All filled aerosol cans are leak tested before distribution to prevent an empty or near-empty product from reaching the patient. Four methods are currently used for leak testing.

  1. Hot water baths are maintained at temperatures above the boiling point of the product, such as 100°F. More common temperatures are 120–130°F, since the time to raise the can contents would be shorter. At least 1.5 to 3 minutes are required to bring the can contents to a temperature that would emit propellant vapor in a leaky unit. Cans are examined visually by inspectors who look for the presence of faulty crimps, valves, and so on. The emergence of bubbles signifies a probable reject. Protection from possible dangerous discharges should be taken. Filtered tap water has been used to test for leakage because the water does not come into contact with drug product. Currently companies are trying to use recirculated and filtered purified water in combination with ultraviolet lamps to minimize the microbial bioburden in the water. Various types of defects usually arise from poorly crimped valves (process defect), where bubbles appear from the side of a valve skirt or ferrule. Other rejects may be due to poorly assembled valves (valve defect), where leakage from the side of stem may occur.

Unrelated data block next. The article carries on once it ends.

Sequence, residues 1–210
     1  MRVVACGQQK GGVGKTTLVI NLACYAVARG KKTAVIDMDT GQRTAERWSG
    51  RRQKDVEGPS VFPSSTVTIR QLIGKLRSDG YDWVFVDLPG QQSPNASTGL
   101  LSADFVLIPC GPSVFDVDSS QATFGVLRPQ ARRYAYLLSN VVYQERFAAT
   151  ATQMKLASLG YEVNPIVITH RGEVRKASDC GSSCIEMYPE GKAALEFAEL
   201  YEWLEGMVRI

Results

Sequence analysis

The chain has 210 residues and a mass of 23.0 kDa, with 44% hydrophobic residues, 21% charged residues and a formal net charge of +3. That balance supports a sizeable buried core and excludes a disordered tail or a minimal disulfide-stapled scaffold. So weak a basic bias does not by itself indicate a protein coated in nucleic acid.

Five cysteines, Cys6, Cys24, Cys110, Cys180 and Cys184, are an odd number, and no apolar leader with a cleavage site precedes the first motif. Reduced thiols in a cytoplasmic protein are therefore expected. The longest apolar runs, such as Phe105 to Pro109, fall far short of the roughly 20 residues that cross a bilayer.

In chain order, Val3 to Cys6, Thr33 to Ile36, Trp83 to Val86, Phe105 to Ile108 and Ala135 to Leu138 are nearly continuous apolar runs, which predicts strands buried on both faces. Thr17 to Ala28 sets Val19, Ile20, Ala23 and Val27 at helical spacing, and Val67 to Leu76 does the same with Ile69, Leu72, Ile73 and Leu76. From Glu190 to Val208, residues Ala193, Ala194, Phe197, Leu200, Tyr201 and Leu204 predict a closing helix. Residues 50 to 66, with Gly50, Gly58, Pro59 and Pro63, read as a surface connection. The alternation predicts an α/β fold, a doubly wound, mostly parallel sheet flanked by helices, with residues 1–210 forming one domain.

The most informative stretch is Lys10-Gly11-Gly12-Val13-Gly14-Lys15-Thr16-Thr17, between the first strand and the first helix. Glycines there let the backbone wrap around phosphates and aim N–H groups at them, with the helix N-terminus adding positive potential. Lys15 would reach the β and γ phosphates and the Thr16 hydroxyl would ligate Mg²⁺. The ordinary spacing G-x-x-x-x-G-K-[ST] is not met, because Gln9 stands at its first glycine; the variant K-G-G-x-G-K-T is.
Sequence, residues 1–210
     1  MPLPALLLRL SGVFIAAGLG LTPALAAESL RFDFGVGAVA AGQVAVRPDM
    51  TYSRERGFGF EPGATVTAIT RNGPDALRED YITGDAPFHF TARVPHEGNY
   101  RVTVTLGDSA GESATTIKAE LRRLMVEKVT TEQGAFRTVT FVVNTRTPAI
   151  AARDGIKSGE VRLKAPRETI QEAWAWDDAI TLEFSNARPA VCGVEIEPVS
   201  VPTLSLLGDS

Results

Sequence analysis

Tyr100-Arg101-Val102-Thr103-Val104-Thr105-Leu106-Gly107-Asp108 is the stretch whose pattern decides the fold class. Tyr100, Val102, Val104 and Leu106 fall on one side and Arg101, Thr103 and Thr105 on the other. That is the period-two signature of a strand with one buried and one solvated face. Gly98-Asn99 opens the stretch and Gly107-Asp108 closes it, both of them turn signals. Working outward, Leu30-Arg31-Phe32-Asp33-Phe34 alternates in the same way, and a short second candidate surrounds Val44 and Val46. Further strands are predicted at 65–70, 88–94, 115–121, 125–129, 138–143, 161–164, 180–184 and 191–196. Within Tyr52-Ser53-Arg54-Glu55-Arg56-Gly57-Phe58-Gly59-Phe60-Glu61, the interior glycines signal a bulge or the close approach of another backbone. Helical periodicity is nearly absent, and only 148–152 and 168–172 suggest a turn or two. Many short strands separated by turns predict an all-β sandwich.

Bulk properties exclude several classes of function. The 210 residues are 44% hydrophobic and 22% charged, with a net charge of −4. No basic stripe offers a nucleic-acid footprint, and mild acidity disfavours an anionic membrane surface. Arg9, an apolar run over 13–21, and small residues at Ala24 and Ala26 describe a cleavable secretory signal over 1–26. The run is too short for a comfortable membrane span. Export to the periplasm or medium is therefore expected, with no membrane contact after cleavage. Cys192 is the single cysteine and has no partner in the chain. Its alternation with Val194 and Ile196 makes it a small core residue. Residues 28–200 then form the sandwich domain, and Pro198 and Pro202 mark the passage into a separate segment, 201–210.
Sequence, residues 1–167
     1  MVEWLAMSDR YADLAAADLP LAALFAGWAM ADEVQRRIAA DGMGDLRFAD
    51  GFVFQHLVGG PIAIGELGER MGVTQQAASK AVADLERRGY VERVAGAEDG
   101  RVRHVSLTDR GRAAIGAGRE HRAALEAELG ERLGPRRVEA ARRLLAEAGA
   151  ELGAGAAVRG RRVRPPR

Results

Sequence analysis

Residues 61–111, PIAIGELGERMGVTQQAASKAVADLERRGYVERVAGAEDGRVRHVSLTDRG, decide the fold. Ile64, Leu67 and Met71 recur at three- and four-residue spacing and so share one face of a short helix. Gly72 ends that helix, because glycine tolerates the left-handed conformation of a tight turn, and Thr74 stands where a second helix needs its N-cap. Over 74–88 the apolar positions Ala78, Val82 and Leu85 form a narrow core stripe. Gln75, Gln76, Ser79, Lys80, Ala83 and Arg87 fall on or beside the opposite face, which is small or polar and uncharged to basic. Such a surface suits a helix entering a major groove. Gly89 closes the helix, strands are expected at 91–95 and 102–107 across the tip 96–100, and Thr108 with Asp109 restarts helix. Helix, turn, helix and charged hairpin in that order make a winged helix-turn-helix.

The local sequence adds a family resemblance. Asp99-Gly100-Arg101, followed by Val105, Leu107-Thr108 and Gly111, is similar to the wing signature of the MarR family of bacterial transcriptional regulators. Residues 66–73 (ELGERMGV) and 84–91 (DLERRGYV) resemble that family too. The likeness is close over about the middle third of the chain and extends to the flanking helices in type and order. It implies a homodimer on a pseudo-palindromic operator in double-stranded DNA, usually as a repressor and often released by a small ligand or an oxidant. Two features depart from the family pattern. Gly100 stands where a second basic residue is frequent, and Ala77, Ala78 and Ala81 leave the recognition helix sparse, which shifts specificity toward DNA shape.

2. Induction heaters, in which cans are quickly heated and check weighed at a later time, heat the units instantaneously on the aerosol line after filling and crimping. Any faulty units or poor crimps would burst upon testing and be removed from the line. Subsequent check weighing is usually performed and any intact units that are leakers are removed. Induction heaters were introduced as an improvement over the visual inspection method. Storage of the filled units for a set period of time has become the most commonly used method for leak testing. Units are held for a sufficient period of time so that leakers will fail a subsequent check weighing step. Fourteen to 28 days have been used to ferret out faulty units. Inventory considerations have to be taken into account with this process requirement. Also, the probability that slow or latent leakers will pass undetected must be considered.
  3. Storage for a predetermined time period before check weighing.
  4. Pressure readings are designed to check the integrity of componentry before filling. This was designed to check the tightness of the crimp, which could be used later for performance evaluation.

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Reference links

http://www.schoolscience.co.uk/aerosolspage6

https://www.slideshare.net/mobile/maheshwthube/quality-control-evaluation-of-aerosol-9506269